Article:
Driving 35kms from Dhar is Mandu, the intellectual center of medieval India. Situated at an altitude of 633mts, the city overlooks the plateau of Malwa to the north and Valley of Narmada River to the south. These factor which act as natural defenses convinced Raja Bhoj of Paramara Dynasty to set up a fortress retreat in the 10th century A.D. The roads leading to Mandu showcases the MP government’s effort to preserve the road built in 10th A.D (Pun intended). The medieval roads were not suited for my 21st century vehicle and in no time my car broke her silence, to protest in the form of damaged silencer.
Battling through the damaged highway, I entered the impregnable city of Mandu. This tiny city is a collection of ruins. I started off my ruins tour with a “govt trained tour guide” to get the essence of the place. Selecting the right guide is very important so I carefully selected my tour guide by conducting two rounds of interview to test his knowledge of this region. I promised to double his pay if he made the day interesting.
History of Mandu:
The Region of Mandu was ruled for over thousand years by Paramara (one that strikes the enemy) clan of Agni Kula warriors. They hold the reputation of eliminating Buddhism in India and establishing Vedic (Hindu) empire. Raja Bhoja from the same clan made Mandu his holiday retreat. The rule of Paramara dynasty ended with the defeat of Mahandev, the general of Raja Jaisal army, during the war with Alauddin Khilji. Ain-ul-Mulk Multani, the head of Khilji army was named the governor of Malwa in 1294 A.D. When in 1401, the Mughals captured Delhi, the Afghan Dilawar Khan, new governor of Malwa, set up his own little kingdom and the Ghauri dynasty was established. Hoshang Shah shifted the capital from Dhar to Mandu thus marking beginning of the glorious period of Mandu. During this period arts, music, literature, architecture flourished. It soon became the intellectual capital of central India.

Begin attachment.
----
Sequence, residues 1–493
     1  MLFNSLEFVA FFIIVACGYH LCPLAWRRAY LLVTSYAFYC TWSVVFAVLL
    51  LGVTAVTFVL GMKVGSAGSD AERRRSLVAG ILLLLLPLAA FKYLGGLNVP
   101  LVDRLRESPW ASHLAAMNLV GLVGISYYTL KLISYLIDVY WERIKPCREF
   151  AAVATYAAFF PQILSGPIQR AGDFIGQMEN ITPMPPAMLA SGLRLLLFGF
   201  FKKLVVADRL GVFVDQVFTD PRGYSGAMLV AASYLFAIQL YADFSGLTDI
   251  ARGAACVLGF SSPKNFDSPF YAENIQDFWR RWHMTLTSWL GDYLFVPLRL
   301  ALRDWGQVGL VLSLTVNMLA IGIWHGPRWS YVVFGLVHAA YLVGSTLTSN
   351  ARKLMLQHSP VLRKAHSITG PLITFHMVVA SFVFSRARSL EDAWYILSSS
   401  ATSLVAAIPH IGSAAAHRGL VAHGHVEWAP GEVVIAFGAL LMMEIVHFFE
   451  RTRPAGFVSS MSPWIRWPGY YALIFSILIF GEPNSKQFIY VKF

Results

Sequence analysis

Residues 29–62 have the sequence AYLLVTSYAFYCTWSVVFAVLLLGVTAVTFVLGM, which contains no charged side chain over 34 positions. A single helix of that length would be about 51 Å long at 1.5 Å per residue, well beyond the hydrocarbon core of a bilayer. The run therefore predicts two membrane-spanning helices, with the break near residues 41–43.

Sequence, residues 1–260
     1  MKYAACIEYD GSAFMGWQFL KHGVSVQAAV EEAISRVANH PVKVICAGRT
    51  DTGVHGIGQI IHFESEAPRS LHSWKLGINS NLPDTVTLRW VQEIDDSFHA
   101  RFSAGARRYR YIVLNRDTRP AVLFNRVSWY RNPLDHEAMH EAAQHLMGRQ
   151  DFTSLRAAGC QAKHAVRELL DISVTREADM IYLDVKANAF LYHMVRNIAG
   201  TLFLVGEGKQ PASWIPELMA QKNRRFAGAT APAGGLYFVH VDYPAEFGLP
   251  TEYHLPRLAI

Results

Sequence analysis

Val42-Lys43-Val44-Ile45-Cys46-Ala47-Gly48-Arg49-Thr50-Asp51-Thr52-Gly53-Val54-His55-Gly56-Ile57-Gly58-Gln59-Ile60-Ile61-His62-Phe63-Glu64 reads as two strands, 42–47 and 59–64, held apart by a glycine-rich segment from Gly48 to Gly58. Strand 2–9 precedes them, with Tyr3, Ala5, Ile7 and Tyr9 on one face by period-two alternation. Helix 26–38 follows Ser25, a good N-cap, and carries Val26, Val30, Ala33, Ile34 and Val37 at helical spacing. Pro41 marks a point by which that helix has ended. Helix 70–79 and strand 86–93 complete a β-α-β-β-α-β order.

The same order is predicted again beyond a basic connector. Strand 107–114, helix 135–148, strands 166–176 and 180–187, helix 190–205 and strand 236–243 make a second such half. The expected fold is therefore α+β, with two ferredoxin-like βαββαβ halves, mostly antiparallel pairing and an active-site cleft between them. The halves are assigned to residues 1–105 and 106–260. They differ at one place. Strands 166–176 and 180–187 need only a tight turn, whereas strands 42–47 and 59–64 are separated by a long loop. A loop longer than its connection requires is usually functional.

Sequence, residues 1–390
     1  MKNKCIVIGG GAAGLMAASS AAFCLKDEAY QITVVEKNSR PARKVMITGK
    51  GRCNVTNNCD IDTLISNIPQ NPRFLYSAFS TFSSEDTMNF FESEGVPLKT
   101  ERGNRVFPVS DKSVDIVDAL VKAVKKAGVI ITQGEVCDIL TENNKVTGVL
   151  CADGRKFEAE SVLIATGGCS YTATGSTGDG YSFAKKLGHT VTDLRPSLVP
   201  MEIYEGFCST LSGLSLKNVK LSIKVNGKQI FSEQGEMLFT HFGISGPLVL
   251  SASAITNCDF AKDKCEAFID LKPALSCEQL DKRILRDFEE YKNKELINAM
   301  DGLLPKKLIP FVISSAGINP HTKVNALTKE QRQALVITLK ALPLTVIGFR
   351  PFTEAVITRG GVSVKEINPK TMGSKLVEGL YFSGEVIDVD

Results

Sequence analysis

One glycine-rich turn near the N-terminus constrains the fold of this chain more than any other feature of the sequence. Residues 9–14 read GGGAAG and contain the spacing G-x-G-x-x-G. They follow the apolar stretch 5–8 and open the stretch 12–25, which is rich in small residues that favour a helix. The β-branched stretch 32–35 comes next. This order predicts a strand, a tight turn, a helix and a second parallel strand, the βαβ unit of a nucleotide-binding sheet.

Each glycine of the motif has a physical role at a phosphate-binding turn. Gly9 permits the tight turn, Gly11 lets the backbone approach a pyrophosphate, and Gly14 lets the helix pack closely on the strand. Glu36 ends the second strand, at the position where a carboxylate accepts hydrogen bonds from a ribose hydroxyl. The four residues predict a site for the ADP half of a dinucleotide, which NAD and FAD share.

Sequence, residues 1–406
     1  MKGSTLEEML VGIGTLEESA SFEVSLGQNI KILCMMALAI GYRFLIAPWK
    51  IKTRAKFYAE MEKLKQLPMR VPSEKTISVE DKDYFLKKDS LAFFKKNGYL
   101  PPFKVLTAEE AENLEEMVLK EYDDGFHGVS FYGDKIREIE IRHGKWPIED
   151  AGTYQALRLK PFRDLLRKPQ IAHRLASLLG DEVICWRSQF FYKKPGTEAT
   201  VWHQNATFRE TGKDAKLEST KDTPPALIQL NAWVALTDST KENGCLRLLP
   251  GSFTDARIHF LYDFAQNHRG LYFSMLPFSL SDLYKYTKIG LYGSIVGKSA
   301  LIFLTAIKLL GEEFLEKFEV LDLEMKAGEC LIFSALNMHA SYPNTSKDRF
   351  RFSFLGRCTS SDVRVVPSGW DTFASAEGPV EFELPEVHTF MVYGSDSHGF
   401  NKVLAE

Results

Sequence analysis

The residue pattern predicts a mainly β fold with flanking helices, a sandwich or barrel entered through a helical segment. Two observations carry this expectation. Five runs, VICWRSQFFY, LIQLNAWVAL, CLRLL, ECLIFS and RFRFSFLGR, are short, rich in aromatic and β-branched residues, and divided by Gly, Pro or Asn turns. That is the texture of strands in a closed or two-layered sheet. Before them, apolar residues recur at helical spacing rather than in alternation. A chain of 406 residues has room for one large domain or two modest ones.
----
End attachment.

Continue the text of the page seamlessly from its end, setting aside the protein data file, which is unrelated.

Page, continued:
Mahmud Khilji and his son Ghiyas ud din Khilji after overthrowing the Ghauri dynasty ruled for next 60 years. Ghiyas ud din Khilji was a womanizer and built Jahaz Mahal for housing thousand women who were often referred to as his wives. The reign of Khilji dynasty came to an end with conquest of Mandu by Bahadur Shah of Gujarat. Mughal emperor Humayun defeated Bahadur Shah to take Mandu in 1534 A.D. The next ten years saw the city pass hands between various dynasties with Baz Bahadur emerging in top spot. In 1561, Mughal Emperor Akbar’s army led by Adham Khan who was in love with Rani Roopmati wife of Baz Bahadur, attacked Mandu and defeated. Rani Roopmati hearing the news of the fall of Mandu killed herself by drank poison while her husband fled. Baz Bahadur regained his kingdom by defeating ruler of Mandu, Pir Muhammad (Akbar’s minister). Bez Bahadur was finally defeated by Akbar’s army in 1562 to regain Mandu. The city remained under Mughal control until taken by the Marathas in 1732. The capital of Malwa was shifted back to Dhar thus bringing an end to the glorious Mandu city.
The first monument we visited was Dilawar Khan’s Masjid. It made logical sense to visit that monument as it was him who first established the Ghauri dynasty which marked the beginning of glorious Mandu heritage. The mosque was built in 1405 A.D by Dilawar Khan. Because of its central entrance in the direction of the east, it is thought to have been built for the Muslim royal family in Mandu. However, the pillars show traces of Hindu style notwithstanding the arch-shaped central mirhab suggests that this mosque was built by Hindu workmen.